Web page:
Further €755,000 for former singer over failure to diagnose cause of headaches
AN award winning part-time opera singer left severely disabled after a failure to properly diagnose the cause of her headaches has been awarded another €755,000 towards her future care needs by the High Court.
Elaine Lennon (40), who can only speak in a whisper and is confined to a wheelchair, had previously settled her action for damages with an interim payout of €2.39million and a later further payment of €310,000 towards her care needs.
Ms Lennon who lives in Kilbarrack, Dublin will require 24-hour care for the rest of her life.
The High Court heard previously she would have been fine if a scan of her brain had been carried out in time.
She was 39 weeks pregnant at the time of her injury in 2007, and later gave birth to a baby girl, Claudia.
Through her father John Lennon, Elaine, formerly of Newhaven Bay, Balbriggan, Dublin, brought the action against the HSE and Dr Patrick Mathuna, a GP at Castle Mill Medical Centre, Balbriggan. Liability was admitted by both defendants.
Yesterday Ms Justice Mary Irvine assessed Ms Lennon's care needs to be in the region of €755,000 for the next three years.
The judge said it was particularly tragic that the injuries had been sustained at a time when Ms Lennon and her partner were about to embark upon life as parents to their daughter Claudia.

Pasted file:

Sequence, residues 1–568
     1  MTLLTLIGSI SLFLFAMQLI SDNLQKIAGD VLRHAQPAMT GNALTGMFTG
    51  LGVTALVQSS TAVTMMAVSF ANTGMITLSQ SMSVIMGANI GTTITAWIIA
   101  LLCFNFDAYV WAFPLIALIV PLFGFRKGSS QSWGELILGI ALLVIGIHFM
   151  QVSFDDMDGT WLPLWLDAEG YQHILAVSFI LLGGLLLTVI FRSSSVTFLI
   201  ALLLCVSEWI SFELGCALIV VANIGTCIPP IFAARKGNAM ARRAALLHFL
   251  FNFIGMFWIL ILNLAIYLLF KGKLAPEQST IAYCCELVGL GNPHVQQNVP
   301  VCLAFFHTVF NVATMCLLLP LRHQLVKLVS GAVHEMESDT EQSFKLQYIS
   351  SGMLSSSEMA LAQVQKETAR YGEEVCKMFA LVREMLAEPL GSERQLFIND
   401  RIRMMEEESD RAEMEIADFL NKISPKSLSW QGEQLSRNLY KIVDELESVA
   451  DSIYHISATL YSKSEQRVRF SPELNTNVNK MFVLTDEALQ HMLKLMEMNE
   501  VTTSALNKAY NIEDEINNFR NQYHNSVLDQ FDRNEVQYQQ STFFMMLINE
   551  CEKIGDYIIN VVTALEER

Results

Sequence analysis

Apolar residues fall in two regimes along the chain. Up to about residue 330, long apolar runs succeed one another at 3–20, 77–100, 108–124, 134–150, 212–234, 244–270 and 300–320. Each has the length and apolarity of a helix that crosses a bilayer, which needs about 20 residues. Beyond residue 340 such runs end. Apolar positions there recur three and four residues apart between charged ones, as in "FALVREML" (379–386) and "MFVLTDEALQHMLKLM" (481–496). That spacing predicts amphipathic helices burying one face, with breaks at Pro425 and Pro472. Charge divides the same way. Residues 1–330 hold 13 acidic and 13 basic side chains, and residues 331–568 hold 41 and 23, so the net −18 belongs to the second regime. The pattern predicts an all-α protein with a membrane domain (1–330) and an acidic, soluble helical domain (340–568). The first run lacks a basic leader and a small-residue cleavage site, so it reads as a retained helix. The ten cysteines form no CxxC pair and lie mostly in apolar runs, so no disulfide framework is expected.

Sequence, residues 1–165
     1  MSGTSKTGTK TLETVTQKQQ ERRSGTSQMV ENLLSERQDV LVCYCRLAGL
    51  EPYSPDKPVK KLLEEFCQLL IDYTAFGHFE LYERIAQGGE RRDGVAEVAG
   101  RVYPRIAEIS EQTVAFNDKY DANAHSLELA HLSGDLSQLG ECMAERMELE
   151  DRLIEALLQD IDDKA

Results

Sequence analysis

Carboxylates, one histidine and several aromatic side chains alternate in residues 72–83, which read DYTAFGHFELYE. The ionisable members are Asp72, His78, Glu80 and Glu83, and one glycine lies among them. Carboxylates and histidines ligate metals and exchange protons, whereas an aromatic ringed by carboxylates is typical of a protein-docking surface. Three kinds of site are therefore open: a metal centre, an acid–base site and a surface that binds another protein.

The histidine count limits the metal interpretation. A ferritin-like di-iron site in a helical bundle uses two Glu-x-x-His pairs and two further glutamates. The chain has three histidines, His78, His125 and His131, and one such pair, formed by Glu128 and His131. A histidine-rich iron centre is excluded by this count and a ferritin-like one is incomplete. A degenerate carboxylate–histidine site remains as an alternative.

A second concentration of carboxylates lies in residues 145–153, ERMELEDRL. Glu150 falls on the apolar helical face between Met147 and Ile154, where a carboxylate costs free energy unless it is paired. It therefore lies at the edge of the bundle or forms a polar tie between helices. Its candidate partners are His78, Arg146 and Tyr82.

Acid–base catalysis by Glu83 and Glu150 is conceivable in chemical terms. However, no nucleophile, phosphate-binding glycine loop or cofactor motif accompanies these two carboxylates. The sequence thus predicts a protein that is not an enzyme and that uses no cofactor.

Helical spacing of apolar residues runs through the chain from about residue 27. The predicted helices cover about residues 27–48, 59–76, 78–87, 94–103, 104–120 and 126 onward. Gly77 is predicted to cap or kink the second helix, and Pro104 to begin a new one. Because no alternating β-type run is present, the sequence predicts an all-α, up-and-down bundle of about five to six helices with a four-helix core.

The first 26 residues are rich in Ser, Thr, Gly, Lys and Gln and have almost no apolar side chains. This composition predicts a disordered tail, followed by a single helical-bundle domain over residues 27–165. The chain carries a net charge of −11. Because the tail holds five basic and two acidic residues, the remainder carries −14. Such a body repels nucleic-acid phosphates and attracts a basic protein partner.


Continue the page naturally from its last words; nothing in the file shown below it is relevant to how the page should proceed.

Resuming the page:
The judge said she believed Ms Lennon ought to have access to sufficient funds to enable her to purchase the care required to live a normal life as is reasonably possible over the next three years.
Ms Justice Irvine said she was satisfied the overall total sum allocated in respect of Ms Lennon's care should permit her with some small amount of planning to enjoy a very good quality of life having regard to her disabilities over the next three years.
In the action, it was alleged Ms Lennon arrived at the accident and emergency in Our Lady of Lourdes Hospital in Drogheda, Co Louth, on February 4, 2007 complaining of headaches.
She was diagnosed by a medical registrar as suffering from a urinary tract infection and dehydration, it was claimed. As she was pregnant, she was assessed by a midwife and later underwent a Caesarean section.
Doctors at the hospital twice queried whether she should have a CT scan of her brain but no scan was carried out and she was discharged on February 11 along with her baby, it was claimed.
She continued to suffer from headaches and was vomiting and attended Dr Mathuna's clinic on February 14 when she was given an injection which worked for around 24 hours. Dr Mathuna called to her on February 17, told her he believed she could be suffering with post-natal depression and exhaustion and prescribed a sedative, it was claimed.
Later that day, she collapsed at home and was taken to hospital. A CT scan carried out the next day revealed an abscess in her brain had burst.
It was alleged the HSE, as operator of the hospital, was negligent in failing to carry out the CT scan when she first went to hospital and carried it out too late on the second admission.
It was alleged Dr Mathuna was negligent by wrongly diagnosing her symptoms as pregnancy related and in failing to refer her to the hospital having regard to her history of repeated headaches and unsteadiness on her feet.